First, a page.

Gender Relations in Confined Spaces

Gender Relations in Confined Spaces. Conditions, Scope and Forms of Violence against Women in Conflict-related Refugee Camps

Genderbeziehungen im begrenzten Raum. Bedingungen, Ausmaß und Formen von sexueller Gewalt an Frauen in kriegsbedingten Flüchtlingslagern


Funding: German Foundation for Peace Research (Deutsche Stiftung Friedensforschung, DSF)
Duration: 09/2013-04/2016
Project lead: Susanne Buckley-Zistel
Project team: Ulrike Krause
Project affiliation: Center for Conflict Studies, Marburg University


Under the lead of Prof. Susanne Buckley-Zistel, the research project entitled Gender Relations in Confined Spaces. Conditions, Scope and Forms of Violence against Women in Conflict-related Refugee Camps focuses on the nexus between displacement, gender relations and sexual violence in order to analyse the continuum of violence in post-conflict contexts or beyond the remits of war zones. This is based on the argument that many women experience violence in the context of armed conflicts differently since it often occurs outside of the temporal and spatial scopes of violent conflicts. Dichotomies such as before vs. after a cease-fire, public war zones vs. private homes, and enemy combatants vs. trustworthy family members are difficult to maintain. If and how this is manifested in conflict-related refugee camps is therefore an important contribution to gender perspectives in peace and conflict studies.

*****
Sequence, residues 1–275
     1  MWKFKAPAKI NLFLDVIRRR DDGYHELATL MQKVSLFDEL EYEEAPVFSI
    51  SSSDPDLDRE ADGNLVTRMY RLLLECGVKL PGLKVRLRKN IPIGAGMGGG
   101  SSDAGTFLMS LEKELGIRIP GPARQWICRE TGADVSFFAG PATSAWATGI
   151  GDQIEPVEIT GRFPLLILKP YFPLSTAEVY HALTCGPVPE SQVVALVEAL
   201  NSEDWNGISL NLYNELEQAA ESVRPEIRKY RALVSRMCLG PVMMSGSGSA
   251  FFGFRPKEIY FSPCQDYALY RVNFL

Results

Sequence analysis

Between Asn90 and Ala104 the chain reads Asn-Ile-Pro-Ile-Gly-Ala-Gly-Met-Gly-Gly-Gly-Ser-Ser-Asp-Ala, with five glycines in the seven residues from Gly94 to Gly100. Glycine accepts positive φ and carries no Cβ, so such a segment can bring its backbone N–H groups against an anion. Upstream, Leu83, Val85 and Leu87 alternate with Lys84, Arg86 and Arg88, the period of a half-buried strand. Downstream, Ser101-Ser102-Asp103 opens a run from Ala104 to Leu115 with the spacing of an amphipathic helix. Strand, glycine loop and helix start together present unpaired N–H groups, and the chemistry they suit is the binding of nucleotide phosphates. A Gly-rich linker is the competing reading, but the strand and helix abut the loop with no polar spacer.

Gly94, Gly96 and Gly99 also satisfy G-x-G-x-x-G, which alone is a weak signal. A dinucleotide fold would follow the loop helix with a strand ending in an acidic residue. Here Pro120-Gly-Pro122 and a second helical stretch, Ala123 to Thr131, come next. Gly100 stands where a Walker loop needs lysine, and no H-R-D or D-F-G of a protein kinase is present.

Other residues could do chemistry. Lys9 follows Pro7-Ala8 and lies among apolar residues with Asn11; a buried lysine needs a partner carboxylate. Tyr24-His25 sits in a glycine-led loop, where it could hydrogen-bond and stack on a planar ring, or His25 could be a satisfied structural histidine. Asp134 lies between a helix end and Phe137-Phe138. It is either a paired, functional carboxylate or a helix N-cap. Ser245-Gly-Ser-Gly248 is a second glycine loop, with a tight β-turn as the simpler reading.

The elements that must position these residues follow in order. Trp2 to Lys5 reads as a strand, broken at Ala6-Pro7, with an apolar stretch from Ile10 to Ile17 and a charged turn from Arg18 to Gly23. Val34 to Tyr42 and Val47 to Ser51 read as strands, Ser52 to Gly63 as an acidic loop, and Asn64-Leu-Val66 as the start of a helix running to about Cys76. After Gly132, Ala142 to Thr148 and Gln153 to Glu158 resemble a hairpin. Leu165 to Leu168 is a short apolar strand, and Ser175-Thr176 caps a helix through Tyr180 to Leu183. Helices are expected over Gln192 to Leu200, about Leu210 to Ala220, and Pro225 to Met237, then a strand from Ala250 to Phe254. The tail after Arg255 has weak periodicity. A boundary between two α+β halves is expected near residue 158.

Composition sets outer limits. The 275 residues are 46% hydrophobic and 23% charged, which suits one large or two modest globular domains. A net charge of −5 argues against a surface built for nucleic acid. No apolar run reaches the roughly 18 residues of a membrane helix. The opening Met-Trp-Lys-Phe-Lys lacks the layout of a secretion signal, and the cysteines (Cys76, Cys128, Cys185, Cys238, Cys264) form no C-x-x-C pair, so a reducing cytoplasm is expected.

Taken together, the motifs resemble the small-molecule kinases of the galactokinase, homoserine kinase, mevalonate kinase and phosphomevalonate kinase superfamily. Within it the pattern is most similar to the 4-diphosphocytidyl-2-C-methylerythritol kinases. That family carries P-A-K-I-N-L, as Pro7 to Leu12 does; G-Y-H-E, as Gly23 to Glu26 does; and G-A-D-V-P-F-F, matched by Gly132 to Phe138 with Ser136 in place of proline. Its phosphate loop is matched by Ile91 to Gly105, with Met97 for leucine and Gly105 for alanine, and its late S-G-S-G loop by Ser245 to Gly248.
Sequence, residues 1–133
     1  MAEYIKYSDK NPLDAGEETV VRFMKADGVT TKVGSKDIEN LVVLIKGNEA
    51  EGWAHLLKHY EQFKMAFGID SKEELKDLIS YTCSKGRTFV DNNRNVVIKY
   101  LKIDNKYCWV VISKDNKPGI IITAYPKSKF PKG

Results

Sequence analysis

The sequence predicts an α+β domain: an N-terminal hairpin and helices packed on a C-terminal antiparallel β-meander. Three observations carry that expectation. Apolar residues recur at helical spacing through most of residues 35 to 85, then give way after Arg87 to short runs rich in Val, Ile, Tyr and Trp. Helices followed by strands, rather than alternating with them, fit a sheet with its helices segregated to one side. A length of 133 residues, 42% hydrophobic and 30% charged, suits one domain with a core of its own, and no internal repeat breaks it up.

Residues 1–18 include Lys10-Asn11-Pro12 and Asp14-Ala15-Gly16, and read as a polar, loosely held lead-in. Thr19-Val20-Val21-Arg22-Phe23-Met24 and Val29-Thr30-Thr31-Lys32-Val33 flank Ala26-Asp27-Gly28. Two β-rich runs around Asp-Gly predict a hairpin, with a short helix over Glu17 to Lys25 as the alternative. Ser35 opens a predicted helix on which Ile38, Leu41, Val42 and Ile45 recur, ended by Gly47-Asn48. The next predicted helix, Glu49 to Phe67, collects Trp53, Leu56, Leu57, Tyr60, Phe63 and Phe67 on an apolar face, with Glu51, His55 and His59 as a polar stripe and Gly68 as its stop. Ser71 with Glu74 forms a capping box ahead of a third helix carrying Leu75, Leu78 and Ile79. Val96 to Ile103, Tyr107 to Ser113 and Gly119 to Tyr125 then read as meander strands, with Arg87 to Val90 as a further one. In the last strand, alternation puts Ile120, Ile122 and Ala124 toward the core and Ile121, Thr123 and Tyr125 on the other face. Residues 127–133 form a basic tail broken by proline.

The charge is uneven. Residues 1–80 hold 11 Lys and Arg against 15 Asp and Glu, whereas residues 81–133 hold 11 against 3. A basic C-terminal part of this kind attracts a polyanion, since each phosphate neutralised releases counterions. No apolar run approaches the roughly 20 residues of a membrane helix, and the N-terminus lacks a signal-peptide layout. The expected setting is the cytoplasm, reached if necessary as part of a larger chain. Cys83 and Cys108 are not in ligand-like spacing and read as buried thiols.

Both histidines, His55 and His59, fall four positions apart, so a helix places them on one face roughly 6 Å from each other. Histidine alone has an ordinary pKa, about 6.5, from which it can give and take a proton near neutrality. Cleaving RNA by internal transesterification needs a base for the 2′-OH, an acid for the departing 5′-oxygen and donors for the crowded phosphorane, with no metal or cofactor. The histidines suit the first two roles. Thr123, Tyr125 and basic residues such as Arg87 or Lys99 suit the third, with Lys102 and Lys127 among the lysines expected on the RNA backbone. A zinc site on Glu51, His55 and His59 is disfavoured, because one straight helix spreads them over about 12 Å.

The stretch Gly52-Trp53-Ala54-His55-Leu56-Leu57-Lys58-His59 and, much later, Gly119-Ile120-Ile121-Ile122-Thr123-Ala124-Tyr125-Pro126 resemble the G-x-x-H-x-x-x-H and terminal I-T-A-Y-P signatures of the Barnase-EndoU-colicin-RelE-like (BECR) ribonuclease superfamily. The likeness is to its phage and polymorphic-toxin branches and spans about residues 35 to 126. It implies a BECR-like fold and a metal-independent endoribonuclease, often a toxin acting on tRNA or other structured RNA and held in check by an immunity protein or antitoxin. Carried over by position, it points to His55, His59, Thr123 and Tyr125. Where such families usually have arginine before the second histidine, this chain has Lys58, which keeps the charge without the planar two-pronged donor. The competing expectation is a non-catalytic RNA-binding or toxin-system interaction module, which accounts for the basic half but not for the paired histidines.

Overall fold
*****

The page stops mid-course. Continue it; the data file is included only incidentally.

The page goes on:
Our point of departure is the assumption that refugee camps are confined spaces in which gender relations are (re-)negotiated and (re-)defined. This happens within the categories men or women (homosocially) as well as between the categories men and women (heterosocially). Based on Raewyn Connell’s concept of hegemonic masculinity, we assume that life in refugee camps is accompanied by a subjectively perceived degradation of masculinity, which is compensated by using violence against women in the private sphere. The research project seeks to empirically analyse if this is the case. In order to collect empirical data, the project employs a mix of methods from different social science perspectives that promises the best insights into micro- and meso-levels. The field research is based on a composition of participatory observation, problem-oriented and ethnographic interviews, ero-epic dialogues, and group discussions. The triangulation of different methods is to serve the validation of results and to obtain additional insights.

The final report is available online via the DSF research series: Link

Comments are closed.